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Current issue

ELEKTRO 12/2017 was released on December 6th 2017. Its digital version will be available on January 5th 2018.

Topic: Measurement, measuring devices and engineering; Testing and diagnostics

Main Article
Measurements on rotating machines using SFRA method
Application possibilities of ultra-capacitors or LiFePO4 batteries in trolley network of the Brno Public Transit Company

SVĚTLO (Light) 6/2017 was released on December 11th 2017. Its digital version will be available on january 11th 2018.

Lighting installations
The lighting of university building Centrale Supélec in Saclay in France
The light for our future

Daylight
Application and judgment light guides Solatube®

New Method Increases Energy Density in Lithium Batteries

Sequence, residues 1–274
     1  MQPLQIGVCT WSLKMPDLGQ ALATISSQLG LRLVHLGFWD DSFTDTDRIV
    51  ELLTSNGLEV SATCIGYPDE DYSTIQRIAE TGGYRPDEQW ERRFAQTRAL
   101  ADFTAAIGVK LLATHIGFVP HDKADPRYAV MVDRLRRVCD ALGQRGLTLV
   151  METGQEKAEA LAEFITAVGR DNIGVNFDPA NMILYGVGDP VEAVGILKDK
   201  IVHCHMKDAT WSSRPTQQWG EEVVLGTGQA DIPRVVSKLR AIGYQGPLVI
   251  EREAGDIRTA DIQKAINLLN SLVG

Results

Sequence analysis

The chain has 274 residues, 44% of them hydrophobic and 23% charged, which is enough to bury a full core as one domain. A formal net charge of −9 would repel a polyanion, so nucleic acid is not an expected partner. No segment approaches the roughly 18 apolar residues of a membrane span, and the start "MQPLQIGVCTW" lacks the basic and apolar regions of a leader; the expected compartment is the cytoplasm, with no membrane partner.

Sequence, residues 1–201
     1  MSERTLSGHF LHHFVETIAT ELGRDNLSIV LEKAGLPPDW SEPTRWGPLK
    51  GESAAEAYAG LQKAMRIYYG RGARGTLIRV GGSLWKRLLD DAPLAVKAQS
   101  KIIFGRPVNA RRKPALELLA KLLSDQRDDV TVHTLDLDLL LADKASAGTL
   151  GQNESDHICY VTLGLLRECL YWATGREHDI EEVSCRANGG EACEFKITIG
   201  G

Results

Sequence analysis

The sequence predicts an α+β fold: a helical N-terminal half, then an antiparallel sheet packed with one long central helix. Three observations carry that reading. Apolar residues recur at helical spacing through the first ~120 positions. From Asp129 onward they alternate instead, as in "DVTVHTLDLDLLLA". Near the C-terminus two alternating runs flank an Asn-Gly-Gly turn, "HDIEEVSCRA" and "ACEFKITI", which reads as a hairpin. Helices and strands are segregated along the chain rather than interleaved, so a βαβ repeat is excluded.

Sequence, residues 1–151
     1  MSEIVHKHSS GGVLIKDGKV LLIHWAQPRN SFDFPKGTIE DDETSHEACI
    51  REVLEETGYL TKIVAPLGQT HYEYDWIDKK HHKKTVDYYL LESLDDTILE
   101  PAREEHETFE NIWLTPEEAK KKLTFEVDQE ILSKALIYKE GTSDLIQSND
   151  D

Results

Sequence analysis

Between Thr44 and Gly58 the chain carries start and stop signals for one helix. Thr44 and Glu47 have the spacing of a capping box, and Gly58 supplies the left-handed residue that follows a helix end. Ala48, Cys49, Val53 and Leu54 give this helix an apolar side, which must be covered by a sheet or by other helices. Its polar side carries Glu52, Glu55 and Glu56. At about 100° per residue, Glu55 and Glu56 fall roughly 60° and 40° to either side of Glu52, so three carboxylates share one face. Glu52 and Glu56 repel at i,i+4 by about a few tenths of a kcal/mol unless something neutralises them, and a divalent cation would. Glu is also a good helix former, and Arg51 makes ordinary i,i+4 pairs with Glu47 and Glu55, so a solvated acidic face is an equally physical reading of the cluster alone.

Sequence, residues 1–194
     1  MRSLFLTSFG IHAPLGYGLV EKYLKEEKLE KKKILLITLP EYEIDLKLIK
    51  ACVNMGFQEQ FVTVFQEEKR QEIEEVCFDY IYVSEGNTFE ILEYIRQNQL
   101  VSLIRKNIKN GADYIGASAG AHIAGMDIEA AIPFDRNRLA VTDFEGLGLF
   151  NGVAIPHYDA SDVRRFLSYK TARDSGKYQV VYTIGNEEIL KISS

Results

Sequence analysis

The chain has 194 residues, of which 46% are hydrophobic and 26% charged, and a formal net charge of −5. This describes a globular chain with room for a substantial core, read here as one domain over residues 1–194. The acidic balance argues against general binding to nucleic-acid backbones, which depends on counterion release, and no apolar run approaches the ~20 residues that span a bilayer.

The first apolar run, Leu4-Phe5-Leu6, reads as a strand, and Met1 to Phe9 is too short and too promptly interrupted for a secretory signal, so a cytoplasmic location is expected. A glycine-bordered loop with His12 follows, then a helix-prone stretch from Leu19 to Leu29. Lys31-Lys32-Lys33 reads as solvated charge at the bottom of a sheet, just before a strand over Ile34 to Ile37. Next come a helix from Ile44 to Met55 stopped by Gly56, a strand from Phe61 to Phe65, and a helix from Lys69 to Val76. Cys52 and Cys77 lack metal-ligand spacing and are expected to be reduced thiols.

29.10.2016 | Columbia Engineering | engineering.columbia.edu

Yuan Yang, assistant professor of materials science and engineering at Columbia Engineering, has developed a new method to increase the energy density of lithium (Li-ion) batteries.

He has built a trilayer structure that is stable even in ambient air, which makes the battery both longer lasting and cheaper to manufacture. The work, which may improve the energy density of lithium batteries by 10-30%, is published in Nano Letters.

Capacity increase in lithium battery

During the first charge of a lithium battery after its production, a portion of liquid electrolyte is reduced to a solid phase and coated onto the negative electrode of the battery. This process is irreversible and lowers the energy stored in the battery. The loss is approximately 10% for state-of-the-art negative electrodes, but can reach as high as 20-30% for next-generation negative electrodes with high capacity, such as silicon.

Yang’s method lowered the loss capacity in state-of-the-art graphite electrodes from 8% to 0.3%, and in silicon electrodes, from 13% to -15%. Because the energy density, or capacity, of lithium-ion batteries has been increasing 5-7% annually over the past 25 years, Yang’s results point to a possible solution to enhance the capacity of Li-ion batteries.

Read more at Columbia Engineering

Image Credit: Yuan Yang

-jk-